A boss typically has more demands on his time than we have; that comes with the added responsibility of being a supervisor. Respect his schedule. Don't be on time -- be early.

Am I productive at work?

That's why they call it "work." Keep your socializing to a minimum.

Do I procrastinate?

You can always find a reason to delay getting the job done, but that doesn't improve your operation. Establish priorities and don't let the "urgent" tasks prevent you from doing the "important" ones.

Do I keep my boss informed?

There are several parts to this one. First, don't let him get blindsided -- bosses hate surprises. Make sure he knows everything affecting his operation before someone above him or outside the organization asks about it. Second, keep him posted on your progress toward completing assigned tasks or other contributions to the organization. Finally, bad news doesn't get better with time. Don't wait to pass along news that will embarrass him or you, or get either of you in trouble. Delay will only magnify the problem. Besides, he needs time to plan a defense before he tells his boss.

Am I loyal to my boss?

Most bosses value loyalty more than expertise. Do the right thing for your boss, even if it inconveniences you personally. Support what he supports. Don't criticize him or sit still for anyone who does. Protect him and he'll protect you.

Do I support my boss's decisions?

If you disagree with a decision, many bosses allow you an opportunity to explain why you disagree. After that, the boss accepts the burden of responsibility and expects your support. The decision's made, now it's your job to implement it.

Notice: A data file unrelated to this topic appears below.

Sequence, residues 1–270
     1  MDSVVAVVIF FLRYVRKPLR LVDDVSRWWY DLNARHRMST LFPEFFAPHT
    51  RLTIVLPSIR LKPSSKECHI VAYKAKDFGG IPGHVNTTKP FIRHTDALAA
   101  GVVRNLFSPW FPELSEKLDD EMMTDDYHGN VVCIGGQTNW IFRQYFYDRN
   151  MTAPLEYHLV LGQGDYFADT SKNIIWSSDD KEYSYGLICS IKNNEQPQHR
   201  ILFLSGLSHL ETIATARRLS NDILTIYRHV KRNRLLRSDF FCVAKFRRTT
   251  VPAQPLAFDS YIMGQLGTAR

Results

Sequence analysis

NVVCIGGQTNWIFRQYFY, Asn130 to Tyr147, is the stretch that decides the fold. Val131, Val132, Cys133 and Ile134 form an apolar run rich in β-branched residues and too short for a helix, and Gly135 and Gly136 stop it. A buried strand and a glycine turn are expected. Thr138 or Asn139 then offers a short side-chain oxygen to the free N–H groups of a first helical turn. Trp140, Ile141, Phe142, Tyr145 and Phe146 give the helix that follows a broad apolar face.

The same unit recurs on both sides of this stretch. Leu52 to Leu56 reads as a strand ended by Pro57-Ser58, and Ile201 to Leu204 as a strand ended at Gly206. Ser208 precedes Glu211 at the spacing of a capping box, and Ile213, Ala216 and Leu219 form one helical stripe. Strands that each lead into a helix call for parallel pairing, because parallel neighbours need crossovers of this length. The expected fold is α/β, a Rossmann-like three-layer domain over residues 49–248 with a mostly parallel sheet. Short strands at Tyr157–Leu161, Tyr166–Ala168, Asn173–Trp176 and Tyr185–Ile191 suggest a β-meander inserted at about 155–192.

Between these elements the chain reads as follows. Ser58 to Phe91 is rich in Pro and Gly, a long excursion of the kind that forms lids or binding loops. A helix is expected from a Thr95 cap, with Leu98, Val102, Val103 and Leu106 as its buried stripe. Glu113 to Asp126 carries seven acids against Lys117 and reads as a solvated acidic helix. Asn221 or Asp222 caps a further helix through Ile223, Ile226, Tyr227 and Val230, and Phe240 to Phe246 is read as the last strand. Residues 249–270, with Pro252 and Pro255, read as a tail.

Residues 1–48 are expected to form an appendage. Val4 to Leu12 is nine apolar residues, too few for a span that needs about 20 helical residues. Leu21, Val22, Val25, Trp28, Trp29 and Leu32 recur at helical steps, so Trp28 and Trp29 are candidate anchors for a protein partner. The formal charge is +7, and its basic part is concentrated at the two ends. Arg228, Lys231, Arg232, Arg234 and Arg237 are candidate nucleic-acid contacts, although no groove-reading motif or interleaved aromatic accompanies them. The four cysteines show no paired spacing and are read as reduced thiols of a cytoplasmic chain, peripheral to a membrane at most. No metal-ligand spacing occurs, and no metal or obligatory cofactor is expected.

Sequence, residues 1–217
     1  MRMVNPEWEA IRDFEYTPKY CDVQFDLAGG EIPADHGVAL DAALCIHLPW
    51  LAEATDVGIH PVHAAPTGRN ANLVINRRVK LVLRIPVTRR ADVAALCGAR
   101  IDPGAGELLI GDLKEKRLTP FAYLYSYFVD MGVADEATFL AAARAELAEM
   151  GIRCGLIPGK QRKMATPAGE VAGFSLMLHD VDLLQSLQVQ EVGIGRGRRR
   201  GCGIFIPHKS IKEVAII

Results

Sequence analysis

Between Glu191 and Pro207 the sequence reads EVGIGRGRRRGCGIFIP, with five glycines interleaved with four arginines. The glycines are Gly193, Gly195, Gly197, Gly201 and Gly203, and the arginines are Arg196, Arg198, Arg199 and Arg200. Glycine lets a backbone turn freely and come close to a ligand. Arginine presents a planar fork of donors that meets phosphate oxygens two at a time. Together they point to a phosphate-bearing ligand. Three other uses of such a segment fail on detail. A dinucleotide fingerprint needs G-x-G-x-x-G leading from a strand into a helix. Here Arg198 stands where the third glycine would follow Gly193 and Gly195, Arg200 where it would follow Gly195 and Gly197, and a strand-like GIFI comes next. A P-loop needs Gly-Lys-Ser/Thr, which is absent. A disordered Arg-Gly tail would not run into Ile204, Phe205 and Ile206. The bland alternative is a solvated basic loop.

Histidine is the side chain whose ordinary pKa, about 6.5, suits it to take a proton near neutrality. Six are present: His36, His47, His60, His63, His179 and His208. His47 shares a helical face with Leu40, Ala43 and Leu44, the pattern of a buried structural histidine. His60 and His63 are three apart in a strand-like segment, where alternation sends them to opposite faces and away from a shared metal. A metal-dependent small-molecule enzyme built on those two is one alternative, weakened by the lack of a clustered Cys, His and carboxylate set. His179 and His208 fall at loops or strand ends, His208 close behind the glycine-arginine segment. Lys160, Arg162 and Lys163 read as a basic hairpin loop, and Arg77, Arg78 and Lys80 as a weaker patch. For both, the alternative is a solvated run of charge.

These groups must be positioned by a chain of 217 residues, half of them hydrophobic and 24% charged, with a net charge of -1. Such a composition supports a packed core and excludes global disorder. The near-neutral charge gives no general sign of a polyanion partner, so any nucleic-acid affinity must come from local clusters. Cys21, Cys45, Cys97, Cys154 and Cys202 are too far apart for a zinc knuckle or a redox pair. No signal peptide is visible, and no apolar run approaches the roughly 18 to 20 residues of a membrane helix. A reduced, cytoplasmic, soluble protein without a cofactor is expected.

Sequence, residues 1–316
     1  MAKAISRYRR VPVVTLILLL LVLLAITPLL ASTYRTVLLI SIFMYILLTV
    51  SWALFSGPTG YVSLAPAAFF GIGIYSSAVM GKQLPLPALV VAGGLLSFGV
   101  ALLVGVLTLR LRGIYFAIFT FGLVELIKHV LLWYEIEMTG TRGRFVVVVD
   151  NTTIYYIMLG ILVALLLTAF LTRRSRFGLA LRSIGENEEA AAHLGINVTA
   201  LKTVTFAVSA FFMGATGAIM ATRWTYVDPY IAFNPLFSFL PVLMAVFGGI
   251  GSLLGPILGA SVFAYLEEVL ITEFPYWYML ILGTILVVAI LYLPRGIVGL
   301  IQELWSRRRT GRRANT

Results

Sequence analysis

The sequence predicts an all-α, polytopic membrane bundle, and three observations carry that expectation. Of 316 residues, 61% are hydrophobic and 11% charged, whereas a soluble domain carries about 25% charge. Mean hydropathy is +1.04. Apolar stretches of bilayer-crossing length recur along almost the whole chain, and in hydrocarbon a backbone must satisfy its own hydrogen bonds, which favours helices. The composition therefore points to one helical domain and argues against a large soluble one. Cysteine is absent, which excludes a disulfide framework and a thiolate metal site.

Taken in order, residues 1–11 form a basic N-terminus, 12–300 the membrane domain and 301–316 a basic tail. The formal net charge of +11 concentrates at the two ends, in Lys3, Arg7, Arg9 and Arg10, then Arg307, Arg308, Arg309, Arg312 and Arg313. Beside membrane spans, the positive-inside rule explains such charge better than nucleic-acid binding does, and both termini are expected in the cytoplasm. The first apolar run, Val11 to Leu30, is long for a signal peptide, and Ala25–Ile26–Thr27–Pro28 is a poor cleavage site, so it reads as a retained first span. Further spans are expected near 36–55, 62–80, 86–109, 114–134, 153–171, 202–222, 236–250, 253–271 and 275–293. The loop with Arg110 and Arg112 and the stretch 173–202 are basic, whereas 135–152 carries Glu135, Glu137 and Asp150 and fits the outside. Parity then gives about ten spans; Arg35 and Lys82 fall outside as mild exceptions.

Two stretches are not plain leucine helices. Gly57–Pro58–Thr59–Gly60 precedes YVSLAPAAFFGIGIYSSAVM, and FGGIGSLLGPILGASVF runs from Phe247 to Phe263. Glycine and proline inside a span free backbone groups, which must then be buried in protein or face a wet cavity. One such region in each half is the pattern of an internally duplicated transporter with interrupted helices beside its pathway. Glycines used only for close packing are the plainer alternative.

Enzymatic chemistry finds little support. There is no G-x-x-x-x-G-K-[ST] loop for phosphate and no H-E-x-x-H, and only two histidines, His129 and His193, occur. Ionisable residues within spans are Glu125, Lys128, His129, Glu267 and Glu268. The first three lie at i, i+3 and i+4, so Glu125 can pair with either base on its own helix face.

Do I maintain confidentiality?

Recognize when a boss is entrusting you with "close hold" information, whether official or personal. Also, don't discuss unit problems with outsiders. It's none of their business and it just damage's your unit's image.

Do I display a poor attitude? Am I a team player?

If you don't like your job or the "system" don't let that color your attitude on the job or affect your performance. If you don't get along with your coworkers, you're a drain on unit morale and a roadblock to productivity.

Have I developed a sense of timing?

Know when it's appropriate to approach the boss. What's his mood today? A bad day may cause him to make a poor decision -- one that he normally wouldn't make. Is what you want important enough to interrupt what he's doing? Can you really fit your discussion in the time he's got available?

Do I use my boss's time wisely?

While the previous item dealt with knowing when to use your boss's time, this one concerns how to use that time once you're in his office. Don't bother him with details of things that have no impact, or that you have the authority to act on. Be organized, concise and prepared to answer all questions.

Do I get all the facts? Do I overreact?

Know all the facts before selecting a course of action or charging into your boss's office to tell him about a problem. Most of us ascribe more importance to our issues than they're worth. Don't scream "the sky is falling!" if it's only the ceiling -- it wastes energy and gets everyone excited for nothing.

In the end, how well you do these things will determine the answers to two questions any boss asks himself when evaluating your performance: "What has this person done to make my organization better?" and "Has this person made my job easier, or more difficult? Of course, doing your everyday job is still the best thing you can do for your boss. If he has to worry about your job, you've crossed over the line from asset to liability.